Two weeks after unveiling the “Cookie Clearinghouse,” a joint project between Mozilla and the Stanford Center for Internet and Society that would determine which websites are allowed to set cookies, Mozilla execs and CIS director of privacy Aleecia McDonald shed more light on the project today at a public discussion.
“This initiative is about creating a Web that people expect,” said Mozilla’s SVP of business and legal affairs, Harvey Anderson, at Mozilla headquarters. “We believe there are all kinds of constituents on the Web. We’re not trying to undermine those who are commercially driven, but to provide a Web experience that respects the consumer.”
The Cookie Clearinghouse will introduce two lists: one that will allow sites to set cookies for tracking user behavior and another for those that would be blocked. The purpose of the Clearinghouse is not to list “every single site on the Internet,” McDonald said. “It’s too hard for people to individually decide which sites to allow or block … We’re looking to get to a common point where most people are and let individuals manage those exceptions on their own.”
An advisory board that includes a privacy officer at Opera Software, a computer-science professor at Princeton University and a privacy engineer from Mozilla will work with McDonald to develop the criteria for the lists.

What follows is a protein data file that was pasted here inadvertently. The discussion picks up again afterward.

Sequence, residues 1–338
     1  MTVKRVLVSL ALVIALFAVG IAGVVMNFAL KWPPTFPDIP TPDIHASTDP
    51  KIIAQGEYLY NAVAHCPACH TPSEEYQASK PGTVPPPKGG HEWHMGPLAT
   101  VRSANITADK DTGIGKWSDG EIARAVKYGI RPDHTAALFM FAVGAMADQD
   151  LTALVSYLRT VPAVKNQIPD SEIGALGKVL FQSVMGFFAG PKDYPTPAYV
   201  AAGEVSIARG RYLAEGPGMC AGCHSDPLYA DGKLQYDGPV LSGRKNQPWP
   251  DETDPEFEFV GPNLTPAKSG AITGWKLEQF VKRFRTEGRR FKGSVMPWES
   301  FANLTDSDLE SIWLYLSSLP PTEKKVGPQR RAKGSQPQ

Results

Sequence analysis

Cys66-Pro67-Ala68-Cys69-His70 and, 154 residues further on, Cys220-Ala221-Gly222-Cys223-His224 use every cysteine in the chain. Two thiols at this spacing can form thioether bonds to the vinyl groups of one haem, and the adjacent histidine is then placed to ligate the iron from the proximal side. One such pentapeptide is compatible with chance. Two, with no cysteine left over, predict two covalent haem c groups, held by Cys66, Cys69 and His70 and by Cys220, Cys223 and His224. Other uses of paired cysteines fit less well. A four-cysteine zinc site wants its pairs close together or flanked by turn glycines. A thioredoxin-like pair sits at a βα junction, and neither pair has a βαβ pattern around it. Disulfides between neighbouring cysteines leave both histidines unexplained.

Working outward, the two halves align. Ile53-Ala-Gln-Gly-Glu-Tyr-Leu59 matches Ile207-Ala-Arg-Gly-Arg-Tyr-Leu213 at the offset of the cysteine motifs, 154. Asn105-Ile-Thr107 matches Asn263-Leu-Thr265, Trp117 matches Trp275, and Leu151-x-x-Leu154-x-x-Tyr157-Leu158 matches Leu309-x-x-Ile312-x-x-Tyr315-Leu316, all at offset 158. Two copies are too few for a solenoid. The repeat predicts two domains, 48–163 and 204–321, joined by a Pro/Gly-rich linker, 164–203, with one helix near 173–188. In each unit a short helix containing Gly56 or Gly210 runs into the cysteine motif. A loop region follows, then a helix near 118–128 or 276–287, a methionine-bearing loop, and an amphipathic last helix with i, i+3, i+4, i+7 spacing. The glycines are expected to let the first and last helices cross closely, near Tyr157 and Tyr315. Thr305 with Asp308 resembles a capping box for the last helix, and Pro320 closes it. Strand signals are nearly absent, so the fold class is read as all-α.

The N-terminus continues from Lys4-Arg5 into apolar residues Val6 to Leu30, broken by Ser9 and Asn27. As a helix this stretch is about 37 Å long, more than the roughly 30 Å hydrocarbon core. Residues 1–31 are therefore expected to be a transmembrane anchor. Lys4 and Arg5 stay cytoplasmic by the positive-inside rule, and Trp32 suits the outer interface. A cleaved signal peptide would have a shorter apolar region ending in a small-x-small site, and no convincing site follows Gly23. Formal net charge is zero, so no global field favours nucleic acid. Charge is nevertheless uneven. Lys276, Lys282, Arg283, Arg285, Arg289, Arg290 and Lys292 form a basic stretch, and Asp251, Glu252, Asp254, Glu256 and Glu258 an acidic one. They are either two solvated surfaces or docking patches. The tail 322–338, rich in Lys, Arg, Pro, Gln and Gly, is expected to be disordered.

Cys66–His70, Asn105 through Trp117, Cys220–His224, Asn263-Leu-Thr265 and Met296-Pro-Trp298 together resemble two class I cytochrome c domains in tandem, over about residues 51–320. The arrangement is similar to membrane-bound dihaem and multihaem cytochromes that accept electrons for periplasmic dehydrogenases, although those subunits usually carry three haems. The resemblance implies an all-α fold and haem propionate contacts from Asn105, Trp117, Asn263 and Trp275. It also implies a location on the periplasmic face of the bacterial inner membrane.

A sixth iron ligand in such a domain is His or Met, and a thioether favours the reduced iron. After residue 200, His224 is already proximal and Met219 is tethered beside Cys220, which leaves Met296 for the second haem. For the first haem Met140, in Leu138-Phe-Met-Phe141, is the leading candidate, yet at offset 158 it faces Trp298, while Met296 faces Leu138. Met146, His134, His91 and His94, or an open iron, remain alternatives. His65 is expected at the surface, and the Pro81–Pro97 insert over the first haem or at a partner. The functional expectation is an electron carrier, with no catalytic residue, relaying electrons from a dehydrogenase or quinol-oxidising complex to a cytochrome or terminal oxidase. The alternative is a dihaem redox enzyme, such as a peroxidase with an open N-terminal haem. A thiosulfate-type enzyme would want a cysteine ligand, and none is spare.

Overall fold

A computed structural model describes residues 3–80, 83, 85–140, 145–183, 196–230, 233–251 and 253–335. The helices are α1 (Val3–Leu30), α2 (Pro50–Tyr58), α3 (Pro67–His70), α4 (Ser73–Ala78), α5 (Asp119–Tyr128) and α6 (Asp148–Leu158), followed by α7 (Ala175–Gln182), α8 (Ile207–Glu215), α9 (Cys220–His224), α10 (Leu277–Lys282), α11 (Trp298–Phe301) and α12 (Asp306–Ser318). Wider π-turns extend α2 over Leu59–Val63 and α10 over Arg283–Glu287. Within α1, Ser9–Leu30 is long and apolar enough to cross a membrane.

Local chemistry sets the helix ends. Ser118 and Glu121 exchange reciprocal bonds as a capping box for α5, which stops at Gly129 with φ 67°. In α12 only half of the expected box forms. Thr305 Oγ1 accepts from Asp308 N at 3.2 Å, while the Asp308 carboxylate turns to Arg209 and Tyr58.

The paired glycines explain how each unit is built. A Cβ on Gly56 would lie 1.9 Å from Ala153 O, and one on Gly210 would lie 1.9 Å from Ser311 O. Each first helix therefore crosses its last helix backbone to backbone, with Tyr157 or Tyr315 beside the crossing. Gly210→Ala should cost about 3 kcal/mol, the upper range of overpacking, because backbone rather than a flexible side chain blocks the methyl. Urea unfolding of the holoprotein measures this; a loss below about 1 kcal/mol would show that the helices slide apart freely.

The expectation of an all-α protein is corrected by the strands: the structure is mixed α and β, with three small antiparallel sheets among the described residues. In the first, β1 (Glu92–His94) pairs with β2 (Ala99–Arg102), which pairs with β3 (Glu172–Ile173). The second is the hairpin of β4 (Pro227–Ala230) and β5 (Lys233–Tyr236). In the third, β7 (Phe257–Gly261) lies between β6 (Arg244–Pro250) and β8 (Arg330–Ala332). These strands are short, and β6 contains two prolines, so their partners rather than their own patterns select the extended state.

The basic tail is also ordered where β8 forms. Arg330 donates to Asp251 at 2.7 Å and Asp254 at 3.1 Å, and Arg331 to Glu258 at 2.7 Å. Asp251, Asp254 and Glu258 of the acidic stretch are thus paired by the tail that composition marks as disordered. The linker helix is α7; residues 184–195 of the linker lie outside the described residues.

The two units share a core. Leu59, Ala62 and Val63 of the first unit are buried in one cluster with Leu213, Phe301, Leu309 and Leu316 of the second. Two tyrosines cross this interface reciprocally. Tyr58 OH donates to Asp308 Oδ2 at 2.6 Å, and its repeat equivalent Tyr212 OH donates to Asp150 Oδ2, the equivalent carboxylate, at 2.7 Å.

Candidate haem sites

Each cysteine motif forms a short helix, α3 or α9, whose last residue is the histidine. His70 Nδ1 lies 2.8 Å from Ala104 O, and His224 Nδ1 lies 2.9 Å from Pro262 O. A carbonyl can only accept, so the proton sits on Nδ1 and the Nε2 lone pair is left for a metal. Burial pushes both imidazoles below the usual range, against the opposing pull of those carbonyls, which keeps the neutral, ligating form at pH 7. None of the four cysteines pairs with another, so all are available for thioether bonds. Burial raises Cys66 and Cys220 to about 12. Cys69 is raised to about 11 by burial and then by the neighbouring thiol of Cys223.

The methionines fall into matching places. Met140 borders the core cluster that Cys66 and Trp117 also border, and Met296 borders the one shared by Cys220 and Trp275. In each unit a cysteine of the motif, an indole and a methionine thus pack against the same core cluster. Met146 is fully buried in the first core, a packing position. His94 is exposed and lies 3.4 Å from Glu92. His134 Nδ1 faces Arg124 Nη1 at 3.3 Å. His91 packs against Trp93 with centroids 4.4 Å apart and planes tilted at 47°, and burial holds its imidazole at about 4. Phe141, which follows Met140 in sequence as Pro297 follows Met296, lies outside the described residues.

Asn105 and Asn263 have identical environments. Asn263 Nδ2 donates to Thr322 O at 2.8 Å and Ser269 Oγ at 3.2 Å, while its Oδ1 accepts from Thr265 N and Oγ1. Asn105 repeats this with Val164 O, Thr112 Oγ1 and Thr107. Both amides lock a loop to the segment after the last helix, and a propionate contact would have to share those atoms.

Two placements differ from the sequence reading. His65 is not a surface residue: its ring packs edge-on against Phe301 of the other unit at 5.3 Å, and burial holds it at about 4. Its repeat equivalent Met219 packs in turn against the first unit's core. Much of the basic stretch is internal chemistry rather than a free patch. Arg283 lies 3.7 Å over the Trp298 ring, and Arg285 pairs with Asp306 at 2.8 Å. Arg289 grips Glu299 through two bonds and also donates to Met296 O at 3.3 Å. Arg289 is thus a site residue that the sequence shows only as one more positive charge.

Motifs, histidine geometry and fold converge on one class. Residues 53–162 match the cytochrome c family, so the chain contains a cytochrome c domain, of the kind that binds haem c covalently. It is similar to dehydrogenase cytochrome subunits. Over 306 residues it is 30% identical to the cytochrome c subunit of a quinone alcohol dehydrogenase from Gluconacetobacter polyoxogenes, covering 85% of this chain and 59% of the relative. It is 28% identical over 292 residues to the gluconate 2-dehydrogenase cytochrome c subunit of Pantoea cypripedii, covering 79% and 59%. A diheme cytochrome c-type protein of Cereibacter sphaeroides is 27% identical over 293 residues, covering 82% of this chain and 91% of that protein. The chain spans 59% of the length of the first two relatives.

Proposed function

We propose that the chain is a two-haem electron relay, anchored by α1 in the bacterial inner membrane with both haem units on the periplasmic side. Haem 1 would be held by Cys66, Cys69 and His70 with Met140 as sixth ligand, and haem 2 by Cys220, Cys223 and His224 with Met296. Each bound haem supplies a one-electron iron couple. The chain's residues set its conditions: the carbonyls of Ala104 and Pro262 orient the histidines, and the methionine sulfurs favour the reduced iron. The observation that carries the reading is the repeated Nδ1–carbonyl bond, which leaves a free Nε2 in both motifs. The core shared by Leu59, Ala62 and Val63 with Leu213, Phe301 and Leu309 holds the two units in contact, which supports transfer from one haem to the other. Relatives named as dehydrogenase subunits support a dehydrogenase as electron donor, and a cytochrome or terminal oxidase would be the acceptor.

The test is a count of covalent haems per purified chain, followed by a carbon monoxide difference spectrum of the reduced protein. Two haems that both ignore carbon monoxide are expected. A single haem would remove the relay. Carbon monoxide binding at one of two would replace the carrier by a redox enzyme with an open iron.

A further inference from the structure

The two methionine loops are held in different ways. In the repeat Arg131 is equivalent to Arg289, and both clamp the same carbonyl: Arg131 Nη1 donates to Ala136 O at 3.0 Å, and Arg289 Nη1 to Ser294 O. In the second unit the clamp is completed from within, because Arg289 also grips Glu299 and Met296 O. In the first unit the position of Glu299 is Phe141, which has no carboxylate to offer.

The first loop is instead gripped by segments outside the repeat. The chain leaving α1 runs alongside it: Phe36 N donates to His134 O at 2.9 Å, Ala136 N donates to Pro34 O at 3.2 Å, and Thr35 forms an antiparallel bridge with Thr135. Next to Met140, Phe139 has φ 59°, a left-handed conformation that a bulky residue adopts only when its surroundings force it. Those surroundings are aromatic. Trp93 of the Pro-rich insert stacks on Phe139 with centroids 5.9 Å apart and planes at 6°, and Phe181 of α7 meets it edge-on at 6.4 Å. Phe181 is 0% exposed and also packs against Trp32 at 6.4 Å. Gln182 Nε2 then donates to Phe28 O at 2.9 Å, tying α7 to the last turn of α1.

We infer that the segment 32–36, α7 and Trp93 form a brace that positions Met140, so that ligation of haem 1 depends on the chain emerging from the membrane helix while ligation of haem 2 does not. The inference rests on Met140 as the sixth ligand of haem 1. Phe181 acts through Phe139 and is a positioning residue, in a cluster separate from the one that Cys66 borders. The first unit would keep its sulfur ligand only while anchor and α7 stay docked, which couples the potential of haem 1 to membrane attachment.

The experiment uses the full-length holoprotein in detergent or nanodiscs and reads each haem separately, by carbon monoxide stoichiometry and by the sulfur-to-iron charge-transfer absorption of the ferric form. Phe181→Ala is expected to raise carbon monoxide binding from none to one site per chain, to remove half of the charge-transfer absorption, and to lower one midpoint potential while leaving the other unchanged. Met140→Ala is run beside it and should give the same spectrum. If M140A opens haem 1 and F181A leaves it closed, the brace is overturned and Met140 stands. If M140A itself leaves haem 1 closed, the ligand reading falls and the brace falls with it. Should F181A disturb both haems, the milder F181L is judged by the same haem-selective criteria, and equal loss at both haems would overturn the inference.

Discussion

While the advisory board will include only a handful of members, the board will seek feedback from a user group and business council, according to McDonald. The board is accepting volunteers for the two groups.
McDonald argued the Cookie Clearinghouse will affect publishers and advertisers only minimally.
“Behaviorally based advertising is in the single digits of number of ads that are currently shown online,” she maintained. “The hope for the Cookie Clearinghouse is to have a situation where advertising continues, but some of the tracking is limited for users who wish it to be. There’s still plenty of ways for users to make money online but the idea of surveillance sales is probably going to have to be replaced with permission marketing.”
The goal is to roll out the lists within a few months for browsers and other interested parties to begin testing, McDonald added.
Prior to working on the Clearinghouse, McDonald was a co-chair of the World Wide Web Consortium, charged with creating a Do Not Track browser mechanism. After what many described as a divisive and unfruitful process, she stepped down last year and was replaced with Peter Swire, a privacy professional and experienced negotiator.